It has been brought to light that yet another national park in Botswana has been licensed for fracking rights. In December of 2015 the Guardian unearthed that more than half of the nearly 40,000 square kilometres of Kgalagadi Transfrontier Park in Botswana, which spans across the South African border, was carved up into drilling licenses by government officials and sold to Karoo Energy, a British company. These sales were made in September 2014 but were not declared until April, 2015 by Karoo Energy, who changed their name from Nodding Donkey. Neither the South African tourism park manager nor the Botswana park manager were aware of the deal.
This news follows the 2014 discovery that the Central Kalahari Game Reserve and Chobe National Park, home to of the largest herd of elephants in the world, had been auctioned off for fracking development behind closed doors in 2013. A documentary released in November 2014 called High Cost of Cheap Gas, funded by Open Society Initiative for Southern Africa (OSISA), exposed the previously concealed concessions made by the government of Botswana permitting drilling in the protected territories. Prior to the release of this footage, the government of Botswana had denied all allegations of authorising fracking explorations.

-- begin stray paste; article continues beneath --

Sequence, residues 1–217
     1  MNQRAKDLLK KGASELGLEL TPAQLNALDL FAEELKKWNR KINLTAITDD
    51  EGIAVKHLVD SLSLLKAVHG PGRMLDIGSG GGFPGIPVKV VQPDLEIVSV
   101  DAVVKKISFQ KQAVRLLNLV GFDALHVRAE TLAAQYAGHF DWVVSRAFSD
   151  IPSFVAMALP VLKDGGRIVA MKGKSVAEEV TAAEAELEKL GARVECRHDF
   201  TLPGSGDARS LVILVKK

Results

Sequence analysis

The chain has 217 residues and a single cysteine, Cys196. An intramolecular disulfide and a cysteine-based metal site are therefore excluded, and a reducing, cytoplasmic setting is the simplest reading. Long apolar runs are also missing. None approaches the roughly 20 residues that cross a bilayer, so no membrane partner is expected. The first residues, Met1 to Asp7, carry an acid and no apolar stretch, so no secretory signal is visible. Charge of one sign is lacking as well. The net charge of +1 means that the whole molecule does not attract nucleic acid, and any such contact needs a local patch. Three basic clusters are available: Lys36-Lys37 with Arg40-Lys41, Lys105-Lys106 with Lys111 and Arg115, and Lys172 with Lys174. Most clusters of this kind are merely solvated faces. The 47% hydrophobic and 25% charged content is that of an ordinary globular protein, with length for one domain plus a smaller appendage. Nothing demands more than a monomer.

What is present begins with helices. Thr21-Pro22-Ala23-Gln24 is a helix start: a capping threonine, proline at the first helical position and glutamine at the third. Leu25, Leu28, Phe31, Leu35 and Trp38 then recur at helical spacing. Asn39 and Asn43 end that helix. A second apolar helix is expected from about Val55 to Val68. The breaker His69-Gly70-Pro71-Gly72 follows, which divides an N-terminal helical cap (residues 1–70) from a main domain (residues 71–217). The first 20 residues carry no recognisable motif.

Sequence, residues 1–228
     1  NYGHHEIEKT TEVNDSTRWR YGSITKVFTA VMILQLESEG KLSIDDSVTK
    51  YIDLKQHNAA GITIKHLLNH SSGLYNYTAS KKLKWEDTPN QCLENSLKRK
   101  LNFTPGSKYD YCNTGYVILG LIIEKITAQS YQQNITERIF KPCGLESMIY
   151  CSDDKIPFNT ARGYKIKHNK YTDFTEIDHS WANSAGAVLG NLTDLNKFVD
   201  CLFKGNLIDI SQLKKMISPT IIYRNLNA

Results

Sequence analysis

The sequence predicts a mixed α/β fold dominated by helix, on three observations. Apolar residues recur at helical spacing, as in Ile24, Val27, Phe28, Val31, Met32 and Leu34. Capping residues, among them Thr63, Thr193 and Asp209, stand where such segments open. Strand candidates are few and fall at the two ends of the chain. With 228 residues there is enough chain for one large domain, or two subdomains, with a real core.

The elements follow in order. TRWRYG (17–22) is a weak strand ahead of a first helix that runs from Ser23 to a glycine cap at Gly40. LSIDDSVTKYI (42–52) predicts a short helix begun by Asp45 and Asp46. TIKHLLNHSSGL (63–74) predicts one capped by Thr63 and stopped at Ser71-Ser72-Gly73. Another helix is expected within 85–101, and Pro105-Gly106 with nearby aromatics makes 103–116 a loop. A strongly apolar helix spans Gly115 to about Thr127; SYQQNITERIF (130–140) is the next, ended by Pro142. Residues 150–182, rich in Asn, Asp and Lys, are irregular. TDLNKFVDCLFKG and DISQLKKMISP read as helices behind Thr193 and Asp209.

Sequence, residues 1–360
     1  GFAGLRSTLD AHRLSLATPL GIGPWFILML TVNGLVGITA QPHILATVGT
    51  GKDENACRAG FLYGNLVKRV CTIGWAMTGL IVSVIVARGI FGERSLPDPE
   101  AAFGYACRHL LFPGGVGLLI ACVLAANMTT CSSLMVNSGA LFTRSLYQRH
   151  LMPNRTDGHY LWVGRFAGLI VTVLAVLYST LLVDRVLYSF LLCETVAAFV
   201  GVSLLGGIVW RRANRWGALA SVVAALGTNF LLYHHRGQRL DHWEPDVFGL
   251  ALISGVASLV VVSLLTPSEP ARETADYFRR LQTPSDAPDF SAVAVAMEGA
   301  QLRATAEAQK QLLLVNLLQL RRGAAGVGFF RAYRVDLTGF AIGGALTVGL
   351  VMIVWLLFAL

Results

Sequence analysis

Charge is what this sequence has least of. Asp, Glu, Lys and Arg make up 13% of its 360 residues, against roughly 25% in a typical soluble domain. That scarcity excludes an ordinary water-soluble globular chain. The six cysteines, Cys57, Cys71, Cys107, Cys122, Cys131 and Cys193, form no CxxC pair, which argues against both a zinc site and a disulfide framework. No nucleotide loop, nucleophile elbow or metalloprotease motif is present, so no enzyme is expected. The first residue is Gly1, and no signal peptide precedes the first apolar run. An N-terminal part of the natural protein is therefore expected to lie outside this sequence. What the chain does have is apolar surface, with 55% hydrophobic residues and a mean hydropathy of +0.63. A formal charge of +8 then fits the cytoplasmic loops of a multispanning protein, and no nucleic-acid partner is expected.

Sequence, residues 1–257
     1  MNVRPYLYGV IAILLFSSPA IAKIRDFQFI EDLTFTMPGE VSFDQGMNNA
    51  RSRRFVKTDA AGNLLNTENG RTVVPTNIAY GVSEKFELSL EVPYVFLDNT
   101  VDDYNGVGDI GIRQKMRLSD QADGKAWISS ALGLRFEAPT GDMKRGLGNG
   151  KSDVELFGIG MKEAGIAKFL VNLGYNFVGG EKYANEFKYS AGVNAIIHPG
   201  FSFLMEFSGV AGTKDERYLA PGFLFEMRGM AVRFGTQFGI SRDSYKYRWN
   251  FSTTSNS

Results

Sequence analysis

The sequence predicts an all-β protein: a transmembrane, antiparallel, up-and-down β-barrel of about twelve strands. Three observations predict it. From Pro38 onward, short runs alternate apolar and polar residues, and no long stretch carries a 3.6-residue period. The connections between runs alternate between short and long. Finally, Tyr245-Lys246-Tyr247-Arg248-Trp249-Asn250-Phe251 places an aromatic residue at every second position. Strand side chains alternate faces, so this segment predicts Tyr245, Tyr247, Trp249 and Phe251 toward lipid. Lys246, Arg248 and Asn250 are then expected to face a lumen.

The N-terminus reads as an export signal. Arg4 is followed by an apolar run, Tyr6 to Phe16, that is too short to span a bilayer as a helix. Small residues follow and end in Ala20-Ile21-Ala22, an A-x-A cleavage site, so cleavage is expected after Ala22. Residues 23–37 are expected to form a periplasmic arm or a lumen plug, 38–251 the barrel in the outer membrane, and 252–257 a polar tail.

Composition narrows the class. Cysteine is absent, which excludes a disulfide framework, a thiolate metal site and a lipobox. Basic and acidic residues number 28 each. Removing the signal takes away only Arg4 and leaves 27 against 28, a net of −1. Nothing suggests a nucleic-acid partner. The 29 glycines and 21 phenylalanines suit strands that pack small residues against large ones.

Despite being caught red handed, government authorities failed to disclose that rights to yet another territory, Kgalagadi Transfrontier Park, had been sold as well. This news signals that oil and gas industries are invading some of the most remote, nature-rich landscapes in the world which were previously reserved for indigenous populations, wildlife and tourism.